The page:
[2]  Vulture, “Man Comes Forward to Describe an Alleged Extended Sexual Relationship He Had at Age 14 With Kevin Spacey” by E. Alex Jung, 11/2/17, http://www.vulture.com/2017/11/kevin-spacey-alleged-sexual-relationship.html.

FOR MORE OF MY ARTICLES ON POVERTY, POLITICS, AND MATTERS OF CONSCIENCE CHECK OUT MY BLOG A LAWYER’S PRAYERS AT: https://alawyersprayers.com

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Women and Hotel Security, Part 2

“Rape Victim in ZA” by Julian Trinidad Gardea a/k/a Julian Scorpio (2016) (CC BY-SA 4.0 International)

There are larger issues than crime raised, in the context of hotel security.

Why are women so often victimized by men, both in hotels and elsewhere?  Why does God allow rape and other acts of violence against women?  What are rape victims to make of God’s promises of security?  Has He abandoned them?

A.  Violence Against Women

The relationship between men and women is complex and culturally varied.  It has though been impacted by sin the world over.

While there are countless good men, who would never think of harming a woman, there are rapists, murderers, and others who take pleasure in doing just that.  Men who vent their frustrations on women, who bully and berate women, who use and desert even the mothers of their children.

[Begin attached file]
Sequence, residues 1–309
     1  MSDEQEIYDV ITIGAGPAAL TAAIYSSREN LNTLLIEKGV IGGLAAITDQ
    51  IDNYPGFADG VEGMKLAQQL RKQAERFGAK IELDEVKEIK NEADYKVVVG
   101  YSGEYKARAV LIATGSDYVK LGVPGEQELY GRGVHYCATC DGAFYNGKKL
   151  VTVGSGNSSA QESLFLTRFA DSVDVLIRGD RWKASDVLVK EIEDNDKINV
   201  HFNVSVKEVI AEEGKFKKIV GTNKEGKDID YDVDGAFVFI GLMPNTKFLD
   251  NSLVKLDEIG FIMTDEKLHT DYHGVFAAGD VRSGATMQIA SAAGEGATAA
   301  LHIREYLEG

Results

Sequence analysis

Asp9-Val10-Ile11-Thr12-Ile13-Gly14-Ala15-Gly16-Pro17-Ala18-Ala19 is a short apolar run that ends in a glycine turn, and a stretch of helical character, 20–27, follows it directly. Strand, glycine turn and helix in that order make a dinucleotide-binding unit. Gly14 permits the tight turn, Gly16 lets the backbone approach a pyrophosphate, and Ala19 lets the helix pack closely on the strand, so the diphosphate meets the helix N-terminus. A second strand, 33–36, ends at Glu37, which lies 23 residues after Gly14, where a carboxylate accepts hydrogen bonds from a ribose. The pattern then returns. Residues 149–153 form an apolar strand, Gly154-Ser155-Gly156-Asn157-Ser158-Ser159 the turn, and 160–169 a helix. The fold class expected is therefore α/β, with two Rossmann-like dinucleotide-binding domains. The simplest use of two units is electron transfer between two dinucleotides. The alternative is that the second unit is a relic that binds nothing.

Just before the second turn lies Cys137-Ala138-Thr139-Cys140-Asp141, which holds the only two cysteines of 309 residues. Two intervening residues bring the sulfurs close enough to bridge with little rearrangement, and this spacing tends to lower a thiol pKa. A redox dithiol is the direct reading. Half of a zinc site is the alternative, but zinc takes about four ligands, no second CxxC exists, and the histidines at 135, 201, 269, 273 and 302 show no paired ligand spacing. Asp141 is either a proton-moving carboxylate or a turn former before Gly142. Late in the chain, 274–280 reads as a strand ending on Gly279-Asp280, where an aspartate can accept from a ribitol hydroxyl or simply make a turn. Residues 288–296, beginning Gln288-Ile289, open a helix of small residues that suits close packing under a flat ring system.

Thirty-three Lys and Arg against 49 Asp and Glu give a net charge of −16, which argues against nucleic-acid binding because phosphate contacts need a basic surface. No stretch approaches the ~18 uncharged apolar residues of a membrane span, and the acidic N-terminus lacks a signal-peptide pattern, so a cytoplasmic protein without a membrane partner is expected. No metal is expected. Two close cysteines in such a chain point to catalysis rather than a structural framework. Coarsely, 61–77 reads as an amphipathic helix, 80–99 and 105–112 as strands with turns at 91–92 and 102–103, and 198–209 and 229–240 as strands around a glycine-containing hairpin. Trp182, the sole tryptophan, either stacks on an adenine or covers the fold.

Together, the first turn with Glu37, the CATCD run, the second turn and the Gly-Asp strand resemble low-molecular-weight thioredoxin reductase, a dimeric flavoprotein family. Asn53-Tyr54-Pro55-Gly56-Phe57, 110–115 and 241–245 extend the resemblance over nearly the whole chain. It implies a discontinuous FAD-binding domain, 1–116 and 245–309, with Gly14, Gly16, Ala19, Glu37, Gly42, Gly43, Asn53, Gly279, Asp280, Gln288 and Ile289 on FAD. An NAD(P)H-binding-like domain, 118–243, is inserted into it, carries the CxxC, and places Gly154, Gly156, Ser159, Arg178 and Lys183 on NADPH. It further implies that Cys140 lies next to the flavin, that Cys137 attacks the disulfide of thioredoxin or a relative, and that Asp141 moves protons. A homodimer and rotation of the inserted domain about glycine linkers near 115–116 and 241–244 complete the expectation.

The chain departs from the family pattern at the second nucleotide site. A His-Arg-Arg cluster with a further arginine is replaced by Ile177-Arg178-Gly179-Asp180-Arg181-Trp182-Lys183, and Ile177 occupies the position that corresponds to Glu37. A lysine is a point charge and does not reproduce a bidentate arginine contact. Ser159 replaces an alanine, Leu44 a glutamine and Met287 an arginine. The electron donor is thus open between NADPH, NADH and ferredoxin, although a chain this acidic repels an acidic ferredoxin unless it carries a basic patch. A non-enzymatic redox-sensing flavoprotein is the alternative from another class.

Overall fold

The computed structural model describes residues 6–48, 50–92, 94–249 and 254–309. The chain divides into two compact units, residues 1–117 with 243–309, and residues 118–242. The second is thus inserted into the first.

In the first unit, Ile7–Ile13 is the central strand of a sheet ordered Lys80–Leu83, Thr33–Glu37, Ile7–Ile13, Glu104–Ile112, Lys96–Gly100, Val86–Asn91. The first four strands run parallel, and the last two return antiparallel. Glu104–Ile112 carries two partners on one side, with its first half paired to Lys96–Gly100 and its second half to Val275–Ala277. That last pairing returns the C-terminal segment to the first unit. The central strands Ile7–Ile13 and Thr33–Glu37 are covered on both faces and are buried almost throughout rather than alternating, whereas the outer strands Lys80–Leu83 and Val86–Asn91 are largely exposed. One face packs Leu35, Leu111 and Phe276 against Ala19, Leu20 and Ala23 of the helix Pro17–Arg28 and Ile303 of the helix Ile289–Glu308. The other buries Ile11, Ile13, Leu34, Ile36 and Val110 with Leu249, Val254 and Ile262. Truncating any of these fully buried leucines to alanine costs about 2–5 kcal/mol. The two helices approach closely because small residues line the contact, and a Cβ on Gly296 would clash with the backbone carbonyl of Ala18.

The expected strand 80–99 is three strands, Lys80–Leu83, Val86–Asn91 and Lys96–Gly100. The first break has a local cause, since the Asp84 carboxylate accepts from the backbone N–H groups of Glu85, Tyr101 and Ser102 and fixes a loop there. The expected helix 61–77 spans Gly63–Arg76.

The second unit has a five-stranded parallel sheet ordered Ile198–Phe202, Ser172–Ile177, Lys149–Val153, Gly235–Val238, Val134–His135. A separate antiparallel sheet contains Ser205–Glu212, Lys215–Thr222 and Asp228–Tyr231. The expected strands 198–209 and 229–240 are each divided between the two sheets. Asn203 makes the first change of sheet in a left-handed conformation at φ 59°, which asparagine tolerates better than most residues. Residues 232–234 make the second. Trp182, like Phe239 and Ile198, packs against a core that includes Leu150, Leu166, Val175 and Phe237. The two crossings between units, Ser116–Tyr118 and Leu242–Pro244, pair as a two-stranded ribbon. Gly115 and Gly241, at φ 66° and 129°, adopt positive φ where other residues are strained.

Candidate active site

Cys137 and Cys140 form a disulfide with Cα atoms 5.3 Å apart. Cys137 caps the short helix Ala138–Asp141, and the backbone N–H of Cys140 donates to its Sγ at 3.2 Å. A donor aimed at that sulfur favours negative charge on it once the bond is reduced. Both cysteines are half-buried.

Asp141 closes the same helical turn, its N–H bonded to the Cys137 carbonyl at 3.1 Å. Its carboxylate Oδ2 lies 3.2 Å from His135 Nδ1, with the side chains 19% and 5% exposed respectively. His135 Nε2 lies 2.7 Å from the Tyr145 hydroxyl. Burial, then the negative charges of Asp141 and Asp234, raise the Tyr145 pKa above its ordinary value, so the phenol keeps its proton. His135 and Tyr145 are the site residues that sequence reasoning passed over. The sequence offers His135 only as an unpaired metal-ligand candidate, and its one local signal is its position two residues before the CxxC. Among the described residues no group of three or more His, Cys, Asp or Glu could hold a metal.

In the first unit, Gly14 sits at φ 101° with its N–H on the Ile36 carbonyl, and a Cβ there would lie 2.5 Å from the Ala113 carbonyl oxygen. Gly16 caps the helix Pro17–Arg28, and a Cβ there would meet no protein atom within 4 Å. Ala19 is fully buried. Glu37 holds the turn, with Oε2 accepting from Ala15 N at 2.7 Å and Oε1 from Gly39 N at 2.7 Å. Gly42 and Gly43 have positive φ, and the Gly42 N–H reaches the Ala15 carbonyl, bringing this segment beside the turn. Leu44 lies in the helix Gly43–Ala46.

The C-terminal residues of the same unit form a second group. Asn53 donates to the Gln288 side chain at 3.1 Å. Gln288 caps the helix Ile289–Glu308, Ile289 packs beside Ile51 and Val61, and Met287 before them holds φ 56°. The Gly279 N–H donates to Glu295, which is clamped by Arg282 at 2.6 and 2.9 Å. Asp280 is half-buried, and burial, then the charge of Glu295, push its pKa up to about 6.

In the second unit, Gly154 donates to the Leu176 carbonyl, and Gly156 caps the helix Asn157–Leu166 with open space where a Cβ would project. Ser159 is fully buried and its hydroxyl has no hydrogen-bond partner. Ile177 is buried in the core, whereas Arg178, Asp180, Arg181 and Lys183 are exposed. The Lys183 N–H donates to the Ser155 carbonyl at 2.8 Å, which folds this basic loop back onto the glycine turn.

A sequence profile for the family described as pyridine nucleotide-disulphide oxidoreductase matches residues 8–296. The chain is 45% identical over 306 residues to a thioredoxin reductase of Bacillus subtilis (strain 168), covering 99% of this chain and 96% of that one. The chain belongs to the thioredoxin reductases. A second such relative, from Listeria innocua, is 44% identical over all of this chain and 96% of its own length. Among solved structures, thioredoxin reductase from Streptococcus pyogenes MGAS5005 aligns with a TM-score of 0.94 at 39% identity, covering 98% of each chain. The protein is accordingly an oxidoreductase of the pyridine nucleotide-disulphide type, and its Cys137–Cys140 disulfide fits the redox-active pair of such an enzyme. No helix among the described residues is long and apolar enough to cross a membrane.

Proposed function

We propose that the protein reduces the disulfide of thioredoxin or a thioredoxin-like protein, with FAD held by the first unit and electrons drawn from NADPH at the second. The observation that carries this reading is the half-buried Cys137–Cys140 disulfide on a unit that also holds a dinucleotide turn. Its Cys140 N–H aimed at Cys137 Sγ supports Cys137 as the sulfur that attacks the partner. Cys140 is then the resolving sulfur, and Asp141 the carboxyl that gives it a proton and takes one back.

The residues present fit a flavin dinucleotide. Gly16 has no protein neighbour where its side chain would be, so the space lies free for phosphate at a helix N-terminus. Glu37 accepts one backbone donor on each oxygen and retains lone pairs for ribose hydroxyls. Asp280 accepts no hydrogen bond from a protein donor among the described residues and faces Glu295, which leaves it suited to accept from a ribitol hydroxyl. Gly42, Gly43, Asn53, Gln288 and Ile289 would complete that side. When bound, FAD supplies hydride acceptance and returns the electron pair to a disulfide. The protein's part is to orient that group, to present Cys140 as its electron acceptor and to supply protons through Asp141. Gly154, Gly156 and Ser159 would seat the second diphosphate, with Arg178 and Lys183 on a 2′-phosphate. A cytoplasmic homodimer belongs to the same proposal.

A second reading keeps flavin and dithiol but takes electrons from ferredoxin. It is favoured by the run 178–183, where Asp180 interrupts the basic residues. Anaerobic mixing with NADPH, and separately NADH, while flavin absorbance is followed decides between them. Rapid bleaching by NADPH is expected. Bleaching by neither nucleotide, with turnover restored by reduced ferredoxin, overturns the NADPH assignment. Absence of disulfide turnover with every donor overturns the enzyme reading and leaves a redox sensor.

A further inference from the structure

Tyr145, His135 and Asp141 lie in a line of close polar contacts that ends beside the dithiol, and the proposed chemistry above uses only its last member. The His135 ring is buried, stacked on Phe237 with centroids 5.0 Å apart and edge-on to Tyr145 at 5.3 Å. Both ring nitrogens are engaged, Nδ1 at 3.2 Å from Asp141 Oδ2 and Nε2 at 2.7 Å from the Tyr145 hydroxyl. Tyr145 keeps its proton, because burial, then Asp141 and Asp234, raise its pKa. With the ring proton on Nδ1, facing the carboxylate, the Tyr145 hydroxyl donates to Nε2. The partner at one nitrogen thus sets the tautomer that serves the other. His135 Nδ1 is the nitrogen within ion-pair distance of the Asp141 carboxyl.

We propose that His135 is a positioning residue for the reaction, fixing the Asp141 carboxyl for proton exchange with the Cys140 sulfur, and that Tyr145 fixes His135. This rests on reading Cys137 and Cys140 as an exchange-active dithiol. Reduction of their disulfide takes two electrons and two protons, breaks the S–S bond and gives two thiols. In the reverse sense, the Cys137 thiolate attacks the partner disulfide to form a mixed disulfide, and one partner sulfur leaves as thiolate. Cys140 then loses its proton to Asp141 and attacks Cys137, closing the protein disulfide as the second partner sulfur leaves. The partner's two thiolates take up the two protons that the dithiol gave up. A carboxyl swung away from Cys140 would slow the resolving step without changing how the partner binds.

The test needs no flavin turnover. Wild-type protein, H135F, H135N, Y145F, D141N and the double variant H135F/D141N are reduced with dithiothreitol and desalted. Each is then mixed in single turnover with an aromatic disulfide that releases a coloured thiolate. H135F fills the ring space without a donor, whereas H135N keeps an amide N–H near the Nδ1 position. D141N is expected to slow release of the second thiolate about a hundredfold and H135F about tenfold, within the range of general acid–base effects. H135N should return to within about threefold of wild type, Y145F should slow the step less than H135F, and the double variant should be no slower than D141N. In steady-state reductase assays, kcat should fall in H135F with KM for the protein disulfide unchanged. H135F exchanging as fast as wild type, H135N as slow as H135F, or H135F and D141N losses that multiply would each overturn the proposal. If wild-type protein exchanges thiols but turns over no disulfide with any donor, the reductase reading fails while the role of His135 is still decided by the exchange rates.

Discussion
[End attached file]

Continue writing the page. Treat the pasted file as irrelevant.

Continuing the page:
B.  Gender Inequality

Many such men do not recognize their actions as evil.  They define women – all women, including their own mothers – as less worthy than men.  In effect, less human than men.

This inequality is re-enforced to varying degrees by restrictions on the activities women may undertake outside the home, diminished opportunities for women regarding education and advancement in a given society, the treatment of women by the courts, and the stigma imposed by varying religions on women who violate such norms [1][2].

But the inequality between men and women is not of God’s making. Continue reading

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Women and Hotel Security, Part 1

Front Desk, Marriott Hotel, New Orleans, LA, Author prayitno, Source Flickr (CC Attribution 2.0 Generic)

But a certain Samaritan, as he journeyed, came where he [the wounded man] was.  And when he saw him, he had compassion.  So he went to him and bandaged his wounds…and…brought him to an inn…” (Luke 10: 33-34).

Inns offering travelers a place to rest have existed since Greco-Roman times.  Standards were, however, different in those days.

The inn might consist of a room in someone’s home, or a large building charging a fee to provide individuals or passing caravans with a meal and shelter.  A traveler would be grateful to stretch out on the ground for a night’s sleep.

Hotel Crime

Glitzy as they may appear today, hotels are not always safe places for women.

The Bureau of Justice Statistics indicates that there were on average 7840 annual hotel and motel incidents qualifying as “violent victimizations” (rape, sexual assault, robbery, and aggravated or simple assault) between 2004 and 2008 [1].

In view of the recent attack at Mandalay Bay in Las Vegas, it would seem we must add mass shootings to the list [2].

But hotels may not file insurance claims for all losses, or report all crimes to police [3].  Protecting the hotel brand is often considered paramount. Continue reading